Shocking car hijacking scams you need to know and how to survive hijacking

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Just as many are celebrating the season, criminals are also upping their games on how to hijack vehicles from their victims.

It’s that time of year where criminals are getting a little more desperate, and a lot more creative. Thieves are finding more inventive ways to utilise car scams and commit nefarious acts at the expense of others.

Crime-fighting expert Yusuf Abramjee exposed three of these dodgy schemes last night, during his Crime Watch show on eNCA. In a round-up of the week’s viral videos, we see thieves abusing fob signal technology in England, and two thugs making their escape with car number plates.

There’s also a jaw-dropping hijacking incident to complete the caberet of crime. The people who operate on the wrong side of the law aren’t going to correct their behaviour any time soon, and it’s imperative that all of us – as citizens – remain wise to the dangers on our streets.



In the first video, we see a pair of car thieves using a sophisticated device to break into a parked vehicle. The item intercepts the signal between the key’s fob from inside the property, and the car on the driveway. Once they’ve interrupted it, they can slide into their target and get away without having to lay a finger on the exterior.


Robbers don’t have to steal your car to aid and abet their crimes. CCTV footage captured two suspects in Durban who have made a casual habit of removing number plates from their rightful vehicles, so they can be transferred onto other motors to disguise their identity.

Plate-swapping allows these thugs to deceive the police, and they can be easily removed or swapped around once they’ve been stolen. It’s a nightmare for law-abiding citizens, who can be tied to these car scams based on their vehicle-ownership status.


Sorry KZN, it’s a Durban double-dip. The last clip on the reel shows a gang of five men approaching a woman who has just left her vehicle. They immediately steal her handbag and keys, but it’s not enough. They also bundle her into the back of her car and speed away. Thankfully, this particular victim was dropped off further up the road.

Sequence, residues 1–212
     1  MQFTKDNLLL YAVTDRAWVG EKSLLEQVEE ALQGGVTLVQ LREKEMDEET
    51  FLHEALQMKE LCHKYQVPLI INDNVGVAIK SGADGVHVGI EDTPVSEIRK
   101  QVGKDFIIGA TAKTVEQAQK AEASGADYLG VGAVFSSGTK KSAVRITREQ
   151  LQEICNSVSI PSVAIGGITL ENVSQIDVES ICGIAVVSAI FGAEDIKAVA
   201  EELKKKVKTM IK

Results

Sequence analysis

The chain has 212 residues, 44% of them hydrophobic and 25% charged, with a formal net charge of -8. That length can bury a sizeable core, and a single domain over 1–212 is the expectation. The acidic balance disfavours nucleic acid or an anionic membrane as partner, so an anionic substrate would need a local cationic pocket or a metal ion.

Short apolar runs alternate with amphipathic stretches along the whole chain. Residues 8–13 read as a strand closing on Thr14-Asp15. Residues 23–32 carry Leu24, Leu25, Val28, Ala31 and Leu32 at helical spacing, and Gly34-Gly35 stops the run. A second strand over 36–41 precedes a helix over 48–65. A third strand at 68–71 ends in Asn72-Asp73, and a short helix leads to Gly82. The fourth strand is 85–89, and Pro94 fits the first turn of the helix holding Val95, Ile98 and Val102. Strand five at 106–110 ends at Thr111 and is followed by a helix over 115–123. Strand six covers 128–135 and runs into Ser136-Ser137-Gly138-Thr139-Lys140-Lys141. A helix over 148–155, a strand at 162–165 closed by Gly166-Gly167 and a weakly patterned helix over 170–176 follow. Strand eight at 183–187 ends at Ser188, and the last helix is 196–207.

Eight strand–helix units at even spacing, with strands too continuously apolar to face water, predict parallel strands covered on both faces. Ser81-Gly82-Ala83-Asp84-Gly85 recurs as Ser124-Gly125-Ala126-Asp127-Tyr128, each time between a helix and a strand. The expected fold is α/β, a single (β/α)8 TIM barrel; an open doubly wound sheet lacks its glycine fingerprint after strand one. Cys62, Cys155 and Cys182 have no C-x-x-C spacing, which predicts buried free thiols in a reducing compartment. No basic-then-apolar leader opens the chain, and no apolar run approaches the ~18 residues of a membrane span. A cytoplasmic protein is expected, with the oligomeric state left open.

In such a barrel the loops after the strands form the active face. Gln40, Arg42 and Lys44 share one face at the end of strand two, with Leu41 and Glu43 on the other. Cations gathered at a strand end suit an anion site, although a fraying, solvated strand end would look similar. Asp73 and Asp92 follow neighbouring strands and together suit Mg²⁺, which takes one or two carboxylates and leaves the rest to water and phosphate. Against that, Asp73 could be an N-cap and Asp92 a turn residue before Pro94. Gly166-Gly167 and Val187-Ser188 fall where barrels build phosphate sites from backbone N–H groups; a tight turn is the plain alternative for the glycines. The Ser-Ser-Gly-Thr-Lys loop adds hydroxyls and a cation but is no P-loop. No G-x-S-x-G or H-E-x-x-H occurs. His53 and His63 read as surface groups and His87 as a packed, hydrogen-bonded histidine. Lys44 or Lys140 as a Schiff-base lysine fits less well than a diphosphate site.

Motorists must remember to check their surroundings wherever they end up parking. If possible, always travel with someone else if you’re going to an area you’re unsure of.

It is a nightmare that has plagued our roads for years, and Gauteng in particular has become notorious for its hijacking incidents.

The dreadful thuggery has claimed many lives, ruined families, and shattered the safety and confidence of entire metropolises. Ordinary South Africans live in fear of being held hostage in their own vehicles.

How to survive a hijacking

However, according to security expert Ryno Schutte, there are steps that any citizen can take to give themselves a fighting chance of surviving their ordeal.

Schutte is the managing director of Pro-ActiveSA, a company which helps notifies and distributes information in stolen or hijacked vehicles to security companies, and said that it is more important to take evasive action rather than be confrontational:

First and foremost, if you can get out of the situation you must. Give yourself some space and get yourself away from what’s happening. It’s not worth you losing your life.

Speaking on 702, he first revealed that hijackers are now targeting motorists when they least expect it – between 16:00 – 20:00 as commuters make their way home. He then went on to share his advice of what to do if you are caught up in this situation.

What do you do if you are hijacked?

  • Pick up the language they speak; even if you don’t understand it, identifying Afrikans/Xhosa etc will help narrow any police search.
  • Listen to the information they give each other. This may be conversations between multiple hijackers, or their communications on cell phones.
  • Note how many suspects are involved. Seems simple, but it’s effective.
  • Try and see what shoes they are wearing. When these types of criminals commit crimes, they will change clothes but keep the same footwear on.
  • Height estimates are a very useful thing to get. If you can compare their height to your own, this will be easier for police to interpret.